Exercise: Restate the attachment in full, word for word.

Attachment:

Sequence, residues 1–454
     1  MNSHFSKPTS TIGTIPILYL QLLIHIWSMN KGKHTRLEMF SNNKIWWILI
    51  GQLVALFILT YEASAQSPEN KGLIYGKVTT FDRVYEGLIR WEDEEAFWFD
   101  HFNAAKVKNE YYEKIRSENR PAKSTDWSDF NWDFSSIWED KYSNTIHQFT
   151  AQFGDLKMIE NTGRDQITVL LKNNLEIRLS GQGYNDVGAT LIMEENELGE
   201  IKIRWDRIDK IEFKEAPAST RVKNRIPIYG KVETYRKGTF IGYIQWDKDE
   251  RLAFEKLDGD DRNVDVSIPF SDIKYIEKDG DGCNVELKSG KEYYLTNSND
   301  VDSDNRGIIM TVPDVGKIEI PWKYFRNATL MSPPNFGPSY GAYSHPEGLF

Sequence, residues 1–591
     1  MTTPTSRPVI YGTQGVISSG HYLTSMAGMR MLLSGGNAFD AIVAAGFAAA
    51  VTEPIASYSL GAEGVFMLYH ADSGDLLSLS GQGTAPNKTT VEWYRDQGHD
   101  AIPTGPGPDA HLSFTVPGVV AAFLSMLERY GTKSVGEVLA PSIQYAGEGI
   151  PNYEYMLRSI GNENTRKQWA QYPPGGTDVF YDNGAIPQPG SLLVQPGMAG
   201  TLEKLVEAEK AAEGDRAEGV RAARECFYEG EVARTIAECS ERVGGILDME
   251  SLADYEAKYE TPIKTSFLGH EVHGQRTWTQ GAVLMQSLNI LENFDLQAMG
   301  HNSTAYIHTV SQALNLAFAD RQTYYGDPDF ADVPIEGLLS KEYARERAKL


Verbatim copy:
Sequence, residues 1–454
     1  MNSHFSKPTS TIGTIPILYL QLLIHIWSMN KGKHTRLEMF SNNKIWWILI
    51  GQLVALFILT YEASAQSPEN KGLIYGKVTT FDRVYEGLIR WEDEEAFWFD
   101  HFNAAKVKNE YYEKIRSENR PAKSTDWSDF NWDFSSIWED KYSNTIHQFT
   151  AQFGDLKMIE NTGRDQITVL LKNNLEIRLS GQGYNDVGAT LIMEENELGE
   201  IKIRWDRIDK IEFKEAPAST RVKNRIPIYG KVETYRKGTF IGYIQWDKDE
   251  RLAFEKLDGD DRNVDVSIPF SDIKYIEKDG DGCNVELKSG KEYYLTNSND
   301  VDSDNRGIIM TVPDVGKIEI PWKYFRNATL MSPPNFGPSY GAYSHPEGLF

Sequence, residues 1–591
     1  MTTPTSRPVI YGTQGVISSG HYLTSMAGMR MLLSGGNAFD AIVAAGFAAA
    51  VTEPIASYSL GAEGVFMLYH ADSGDLLSLS GQGTAPNKTT VEWYRDQGHD
   101  AIPTGPGPDA HLSFTVPGVV AAFLSMLERY GTKSVGEVLA PSIQYAGEGI
   151  PNYEYMLRSI GNENTRKQWA QYPPGGTDVF YDNGAIPQPG SLLVQPGMAG
   201  TLEKLVEAEK AAEGDRAEGV RAARECFYEG EVARTIAECS ERVGGILDME
   251  SLADYEAKYE TPIKTSFLGH EVHGQRTWTQ GAVLMQSLNI LENFDLQAMG
   301  HNSTAYIHTV SQALNLAFAD RQTYYGDPDF ADVPIEGLLS KEYARERAKL